An 8-year study in Pennsylvania revealed that fracking could worsen asthma attacks in children and adults who live close by the wells where this method is used. Fracking or hydraulic fracturing injects water, sand, and chemicals into the soil to crack the bedrock and extract oil and gas.
The study found that people who live closer to active fracking areas, with bigger wells, are more exposed to asthma attacks than those living far away.The study did not find a direct link between fracking and the worsening of asthma.
Sara Rasmussen, the lead author of the study, believes that stress and pollution caused by the noise from fracking may explain the result. The authors also emphasized that the study cannot prove what caused these symptoms in the first place.
Over 25 million US children and adults have asthma. This disease narrows air passages in the lungs. Some of the symptoms are wheezing, chest tightness, and difficulty breathing. They sometimes flare up from exposure to dust, stress or air pollution.
So far, research has found a lot of air pollution in areas where there is oil and gas drilling. Industry groups believe that the samples taken by Pennsylvania authorities near fracking operations did not find harmful pollutant levels, so these could not cause the health issues.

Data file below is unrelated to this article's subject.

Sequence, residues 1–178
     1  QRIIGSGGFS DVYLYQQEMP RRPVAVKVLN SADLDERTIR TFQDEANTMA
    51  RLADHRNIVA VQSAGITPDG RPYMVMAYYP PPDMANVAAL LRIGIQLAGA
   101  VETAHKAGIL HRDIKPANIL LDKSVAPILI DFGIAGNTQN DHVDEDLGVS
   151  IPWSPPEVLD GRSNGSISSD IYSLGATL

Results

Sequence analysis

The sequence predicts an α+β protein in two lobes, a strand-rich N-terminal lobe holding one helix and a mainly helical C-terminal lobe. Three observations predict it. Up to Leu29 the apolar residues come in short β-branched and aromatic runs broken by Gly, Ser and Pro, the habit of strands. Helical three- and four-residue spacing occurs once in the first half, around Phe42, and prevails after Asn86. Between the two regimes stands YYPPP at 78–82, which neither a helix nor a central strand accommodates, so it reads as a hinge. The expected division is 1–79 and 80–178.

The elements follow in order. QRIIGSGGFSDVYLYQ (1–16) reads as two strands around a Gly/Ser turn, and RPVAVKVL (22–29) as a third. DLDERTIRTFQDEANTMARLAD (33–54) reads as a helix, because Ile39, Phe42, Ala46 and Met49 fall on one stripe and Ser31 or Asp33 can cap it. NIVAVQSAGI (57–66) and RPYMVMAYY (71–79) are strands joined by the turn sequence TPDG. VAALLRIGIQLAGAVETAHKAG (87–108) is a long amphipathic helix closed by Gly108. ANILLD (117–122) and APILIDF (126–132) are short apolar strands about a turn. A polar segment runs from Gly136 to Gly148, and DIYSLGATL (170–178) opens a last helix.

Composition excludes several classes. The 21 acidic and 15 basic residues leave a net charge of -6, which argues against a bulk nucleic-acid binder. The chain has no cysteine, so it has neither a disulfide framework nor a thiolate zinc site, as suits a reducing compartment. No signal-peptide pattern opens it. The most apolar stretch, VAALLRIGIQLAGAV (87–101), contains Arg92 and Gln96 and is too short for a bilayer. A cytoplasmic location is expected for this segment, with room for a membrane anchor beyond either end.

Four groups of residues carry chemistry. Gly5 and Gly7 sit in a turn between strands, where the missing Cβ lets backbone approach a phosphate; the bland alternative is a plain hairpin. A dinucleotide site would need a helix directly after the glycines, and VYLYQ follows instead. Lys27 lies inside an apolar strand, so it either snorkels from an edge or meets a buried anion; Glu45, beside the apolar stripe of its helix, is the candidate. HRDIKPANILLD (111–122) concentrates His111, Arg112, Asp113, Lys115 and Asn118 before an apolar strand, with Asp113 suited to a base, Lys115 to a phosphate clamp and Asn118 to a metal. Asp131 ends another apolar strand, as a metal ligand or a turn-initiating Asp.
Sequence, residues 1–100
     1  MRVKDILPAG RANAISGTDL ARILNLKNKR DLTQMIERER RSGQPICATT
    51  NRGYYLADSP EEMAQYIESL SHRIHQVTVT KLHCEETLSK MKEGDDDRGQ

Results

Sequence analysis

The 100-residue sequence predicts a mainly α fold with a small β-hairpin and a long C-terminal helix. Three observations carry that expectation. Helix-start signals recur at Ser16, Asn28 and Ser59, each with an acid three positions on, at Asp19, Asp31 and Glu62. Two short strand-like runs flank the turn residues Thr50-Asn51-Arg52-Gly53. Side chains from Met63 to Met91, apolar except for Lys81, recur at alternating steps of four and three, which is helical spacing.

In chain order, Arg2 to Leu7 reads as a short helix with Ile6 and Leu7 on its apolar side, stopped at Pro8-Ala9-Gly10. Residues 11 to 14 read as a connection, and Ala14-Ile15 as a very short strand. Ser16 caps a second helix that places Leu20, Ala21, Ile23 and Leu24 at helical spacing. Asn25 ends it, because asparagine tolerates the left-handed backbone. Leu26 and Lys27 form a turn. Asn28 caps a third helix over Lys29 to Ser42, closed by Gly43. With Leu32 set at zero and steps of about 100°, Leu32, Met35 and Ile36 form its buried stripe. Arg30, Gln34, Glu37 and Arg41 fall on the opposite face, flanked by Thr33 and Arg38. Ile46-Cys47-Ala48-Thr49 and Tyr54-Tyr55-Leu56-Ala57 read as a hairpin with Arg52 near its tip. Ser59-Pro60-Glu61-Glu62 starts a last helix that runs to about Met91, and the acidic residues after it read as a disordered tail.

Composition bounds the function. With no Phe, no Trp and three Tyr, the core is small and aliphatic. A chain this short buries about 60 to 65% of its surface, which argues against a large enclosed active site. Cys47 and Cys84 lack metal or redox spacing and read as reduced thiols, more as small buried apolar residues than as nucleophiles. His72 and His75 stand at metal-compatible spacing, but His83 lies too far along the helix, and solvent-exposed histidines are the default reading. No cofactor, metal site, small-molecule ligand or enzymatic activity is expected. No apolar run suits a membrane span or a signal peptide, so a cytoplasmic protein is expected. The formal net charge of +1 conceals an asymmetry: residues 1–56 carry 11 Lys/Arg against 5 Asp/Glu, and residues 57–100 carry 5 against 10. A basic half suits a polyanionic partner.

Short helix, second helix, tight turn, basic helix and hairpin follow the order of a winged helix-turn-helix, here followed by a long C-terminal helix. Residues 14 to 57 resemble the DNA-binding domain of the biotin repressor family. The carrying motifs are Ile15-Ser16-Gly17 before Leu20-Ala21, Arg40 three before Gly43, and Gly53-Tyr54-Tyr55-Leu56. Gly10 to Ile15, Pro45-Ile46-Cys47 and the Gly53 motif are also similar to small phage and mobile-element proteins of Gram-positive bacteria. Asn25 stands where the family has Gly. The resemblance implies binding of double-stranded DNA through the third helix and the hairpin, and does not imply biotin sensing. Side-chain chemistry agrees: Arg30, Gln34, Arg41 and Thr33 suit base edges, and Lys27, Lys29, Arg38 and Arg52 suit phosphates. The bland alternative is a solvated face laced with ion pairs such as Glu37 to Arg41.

The new study was published in the Journal of Internal Medicine (JAMA). Experts noticed that between 2005 and 2012 there were over 6,200 fracking wells drilled in Pennsylvania.
Over the course of the study, more than 20,000 new oral steroids were ordered, 5,000 asthma hospitalizations took place, and there were about 2,000 visits to the ER-linked to asthma.
These outcomes were almost four times more common in asthma patients who lived closer to areas with bigger and active wells, than among those living far away.
Dr. Norman Edelman, senior adviser to the American Lung Association, believes that the study is “interesting and provocative.” However, it did not show an association between fracking and asthma, at least not a “cause and effect” association. This is why more research needs to be done.
Other factors which may aggravate asthma are noise, sleep disruption, stress, and occupation. More specific measurements of air pollution levels near fracking facilities need to be done, before a final verdict.
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